Cefepime/Enmetazobactam Demonstrates Superiority in Test of Noninferiority to Piperacillin/Tazobactam for Complicated UTI

A novel β-lactamase inhibitor, enmetazobactam, in combination with cefepime, demonstrated superiority in a non-inferiority test to piperacillin/tazobactam in complicated or acute urinary tract infections (UTIs) in a randomized clinical trial conducted at 90 sites on 4 continents pyelonephritis.

Keith Kaye, MD, Robert Wood Johnson Medical School, New Brunswick, NJ, and colleagues sought to determine whether the β-lactamase inhibitor could restore the effectiveness of the 4th-generation cephalosporin against the increasing prevalence of β-lactam-resistant pathogens .

“Prescribing piperacillin/tazobactam for infections that can be caused by extended-spectrum β-lactamase (ESBL)-producing bacteria may not be appropriate,” Kaye and colleagues observed. “New therapeutic options are required.”

Enmetazobactam’s potential to fill this need is partly a function of its structure, which is similar to tazobactam but differs in a way that improves bacterial cell penetration, explained Sonali Advani, MBBS, MPH, Department of Infectious Diseases, Duke University School of Medicine Durham, North Carolina and Kimberly Claeys, PharmD, Department of Pharmacy Practice and Science, University of Maryland School of Pharmacy, Baltimore, in accompanying comments.

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There is also in vitro evidence that Kaye and colleagues point out that enmetazobactam restores the activity of cefepin against serine-β-lactamase-producing class A enterobacteria; and show that enmetazobactam/cefepime is more potent than piperacillin/tazobactam against ESBL producers. Additionally, they note that previous studies have shown that enmetazobactam and cefepime have similar pharmacokinetic profiles — with similar urinary clearance rates and half-lives — facilitating fixed combination dosing.

The randomized, double-blind, multi-center study was designed to determine non-inferiority of the study drug combination, defined as clinical cure and microbiological eradication, in at least 90 percent of the proportion achieving that in the standard of care comparator group.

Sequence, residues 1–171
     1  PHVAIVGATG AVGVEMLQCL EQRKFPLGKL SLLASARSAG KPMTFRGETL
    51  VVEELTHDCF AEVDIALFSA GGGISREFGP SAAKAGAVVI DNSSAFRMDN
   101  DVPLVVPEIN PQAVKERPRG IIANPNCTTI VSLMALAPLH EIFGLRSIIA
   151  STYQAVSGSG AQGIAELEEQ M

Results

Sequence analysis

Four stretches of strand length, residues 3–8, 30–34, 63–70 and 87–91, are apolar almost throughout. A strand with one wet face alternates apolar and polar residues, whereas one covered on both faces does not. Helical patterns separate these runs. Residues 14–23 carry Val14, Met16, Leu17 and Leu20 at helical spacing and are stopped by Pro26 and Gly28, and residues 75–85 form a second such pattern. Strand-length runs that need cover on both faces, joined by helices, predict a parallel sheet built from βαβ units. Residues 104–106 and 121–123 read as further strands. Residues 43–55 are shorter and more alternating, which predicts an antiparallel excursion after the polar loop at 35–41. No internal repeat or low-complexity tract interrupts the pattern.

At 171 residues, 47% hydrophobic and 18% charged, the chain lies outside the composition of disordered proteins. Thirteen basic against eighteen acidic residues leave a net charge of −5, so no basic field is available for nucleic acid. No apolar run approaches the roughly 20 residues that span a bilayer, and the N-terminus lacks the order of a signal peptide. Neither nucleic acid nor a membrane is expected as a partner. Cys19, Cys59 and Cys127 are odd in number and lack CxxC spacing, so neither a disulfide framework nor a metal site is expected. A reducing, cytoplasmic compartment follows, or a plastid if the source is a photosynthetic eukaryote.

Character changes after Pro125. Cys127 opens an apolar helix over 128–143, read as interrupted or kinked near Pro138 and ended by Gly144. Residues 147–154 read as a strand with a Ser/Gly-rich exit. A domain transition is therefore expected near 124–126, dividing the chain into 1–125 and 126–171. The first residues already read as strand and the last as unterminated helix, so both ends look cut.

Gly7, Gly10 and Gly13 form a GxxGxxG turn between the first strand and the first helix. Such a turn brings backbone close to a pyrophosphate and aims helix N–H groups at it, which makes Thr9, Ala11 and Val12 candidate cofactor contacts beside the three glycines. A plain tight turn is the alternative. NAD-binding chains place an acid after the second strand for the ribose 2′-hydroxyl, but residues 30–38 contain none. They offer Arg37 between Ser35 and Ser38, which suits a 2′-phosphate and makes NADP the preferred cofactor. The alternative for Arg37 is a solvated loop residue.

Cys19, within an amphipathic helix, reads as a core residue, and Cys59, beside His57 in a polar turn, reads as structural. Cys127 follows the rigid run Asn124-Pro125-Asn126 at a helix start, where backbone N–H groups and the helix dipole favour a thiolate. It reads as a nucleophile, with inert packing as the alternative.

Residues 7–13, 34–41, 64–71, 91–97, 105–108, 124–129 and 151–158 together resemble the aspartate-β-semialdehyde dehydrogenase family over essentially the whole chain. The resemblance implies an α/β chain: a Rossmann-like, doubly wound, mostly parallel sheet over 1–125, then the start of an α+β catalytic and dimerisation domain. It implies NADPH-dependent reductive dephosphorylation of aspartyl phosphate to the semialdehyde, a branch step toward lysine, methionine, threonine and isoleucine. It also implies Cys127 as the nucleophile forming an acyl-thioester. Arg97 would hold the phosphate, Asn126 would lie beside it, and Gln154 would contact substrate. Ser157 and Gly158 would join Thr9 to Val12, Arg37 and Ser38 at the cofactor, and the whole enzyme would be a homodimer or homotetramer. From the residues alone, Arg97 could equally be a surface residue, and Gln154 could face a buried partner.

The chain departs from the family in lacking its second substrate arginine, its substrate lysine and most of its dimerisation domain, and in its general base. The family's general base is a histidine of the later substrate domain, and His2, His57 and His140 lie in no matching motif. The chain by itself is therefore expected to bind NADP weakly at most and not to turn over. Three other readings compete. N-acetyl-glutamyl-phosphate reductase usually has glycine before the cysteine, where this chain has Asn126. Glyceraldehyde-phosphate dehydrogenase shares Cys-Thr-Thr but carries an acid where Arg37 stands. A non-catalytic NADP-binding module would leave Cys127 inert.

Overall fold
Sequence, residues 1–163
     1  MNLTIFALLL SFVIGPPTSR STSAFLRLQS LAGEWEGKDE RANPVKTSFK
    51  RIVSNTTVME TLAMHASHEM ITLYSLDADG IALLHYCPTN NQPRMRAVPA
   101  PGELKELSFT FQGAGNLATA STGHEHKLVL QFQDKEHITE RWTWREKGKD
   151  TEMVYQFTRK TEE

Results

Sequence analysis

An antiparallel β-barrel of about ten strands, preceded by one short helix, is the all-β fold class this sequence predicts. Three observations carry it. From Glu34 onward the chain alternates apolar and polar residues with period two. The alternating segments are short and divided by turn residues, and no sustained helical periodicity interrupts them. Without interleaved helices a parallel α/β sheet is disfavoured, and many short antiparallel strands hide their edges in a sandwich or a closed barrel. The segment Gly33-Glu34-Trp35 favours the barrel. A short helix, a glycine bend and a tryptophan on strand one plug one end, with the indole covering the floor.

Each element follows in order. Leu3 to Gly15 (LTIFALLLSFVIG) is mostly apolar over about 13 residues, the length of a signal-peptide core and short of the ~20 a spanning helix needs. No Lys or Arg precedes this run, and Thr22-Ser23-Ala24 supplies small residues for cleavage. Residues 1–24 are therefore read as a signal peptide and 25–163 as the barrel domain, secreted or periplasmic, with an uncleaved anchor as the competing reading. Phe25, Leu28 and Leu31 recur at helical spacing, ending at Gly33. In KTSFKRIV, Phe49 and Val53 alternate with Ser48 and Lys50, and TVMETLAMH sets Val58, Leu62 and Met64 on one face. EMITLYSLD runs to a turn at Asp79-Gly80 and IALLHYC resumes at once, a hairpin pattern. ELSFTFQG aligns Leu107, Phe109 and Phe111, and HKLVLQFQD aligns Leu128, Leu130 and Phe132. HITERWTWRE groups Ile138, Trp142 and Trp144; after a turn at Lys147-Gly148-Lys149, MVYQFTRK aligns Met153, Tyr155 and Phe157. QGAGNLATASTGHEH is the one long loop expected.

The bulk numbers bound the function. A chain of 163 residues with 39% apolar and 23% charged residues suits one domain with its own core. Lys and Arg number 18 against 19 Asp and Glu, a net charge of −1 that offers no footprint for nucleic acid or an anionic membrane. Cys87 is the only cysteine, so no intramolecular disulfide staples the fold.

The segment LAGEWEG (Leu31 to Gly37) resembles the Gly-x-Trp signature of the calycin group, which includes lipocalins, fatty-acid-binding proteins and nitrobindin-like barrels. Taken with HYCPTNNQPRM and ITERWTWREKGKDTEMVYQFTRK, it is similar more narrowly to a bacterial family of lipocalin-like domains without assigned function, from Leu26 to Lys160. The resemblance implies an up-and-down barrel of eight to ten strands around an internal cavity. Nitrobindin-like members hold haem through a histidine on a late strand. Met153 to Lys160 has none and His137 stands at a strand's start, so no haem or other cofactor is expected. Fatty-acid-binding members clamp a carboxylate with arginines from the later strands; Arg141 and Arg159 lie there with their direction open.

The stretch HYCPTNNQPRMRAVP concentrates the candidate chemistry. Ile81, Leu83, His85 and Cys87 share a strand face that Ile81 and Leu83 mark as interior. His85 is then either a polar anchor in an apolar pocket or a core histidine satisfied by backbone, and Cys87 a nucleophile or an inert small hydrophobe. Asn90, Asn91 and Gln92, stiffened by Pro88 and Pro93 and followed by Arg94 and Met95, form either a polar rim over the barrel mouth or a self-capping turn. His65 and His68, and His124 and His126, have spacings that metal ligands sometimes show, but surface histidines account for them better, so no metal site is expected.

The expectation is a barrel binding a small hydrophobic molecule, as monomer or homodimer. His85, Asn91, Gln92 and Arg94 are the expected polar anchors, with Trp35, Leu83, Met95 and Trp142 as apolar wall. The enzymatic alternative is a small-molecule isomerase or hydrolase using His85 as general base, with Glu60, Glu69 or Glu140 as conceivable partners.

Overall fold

“The non-inferiority comparison with a reproducibly effective and reliable drug is required by both the US Food and Drug Administration and the European Medicines Agency to register new antibiotics for complicated UTIs,” explain Kaye and colleagues.

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Patients with a clinical diagnosis of complicated UTI or acute pyelonepritis caused by urinary Gram-negative pathogens were randomized to receive either a 2-hour infusion of cefepime 2 g/enmetazobactam 0.5 g (n=1034) or piperacillin 4 g /tazobactam 0.5g (n=1034). =995) every 8 hours for 7 days; and up to 14 days in patients with a positive blood culture at baseline.

Kaye and colleagues report that the study’s drug combination exceeded the non-inferiority criteria to demonstrate superiority on the primary measure: 79.1% of those receiving cefepime/enmetazobactam compared to 58.9% of those receiving piperacillin/tazobactam received (difference between groups 21.2% [95% CI 14.3-37.9%]).

“These results support future clinical studies comparing the efficacy of efepime/enmetazobactam with a carbapenem in patients with infections caused by broad-spectrum β-lactamases,” concluded Kaye and colleagues.

Advani and Claeys agree that the study drug combination was promising, but also that additional data is needed “on how best to position this agent in clinical settings beyond randomized trials, including specific populations that may benefit most.” would …”

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They also expressed concern about several aspects of the study methodology, including the non-traditional dosing regimen of piperacillin/tazobactam (typically given at 6-hour intervals), which may have confounded exerting full inhibitory effects. Furthermore, they point out that “the use of piperacillin-tazobactam in complicated UTI causes by ESBL-producing pathogens, particularly secondary bacteremia, has been controversial.”

In addition, Advani and Claeys question the inclusion of microbiological eradication in the primary efficacy endpoint. They point out that many patients may have chronic or recurrent asymptomatic bacteriuria, which may persist after clinical symptoms have resolved. They also point out that most UTI recurrences are not due to treatment failure but to reinfection or a lack of source control.

“Therefore, it may be time to reconsider including microbiological eradication in the primary endpoint for UTI therapeutics,” they suggest.


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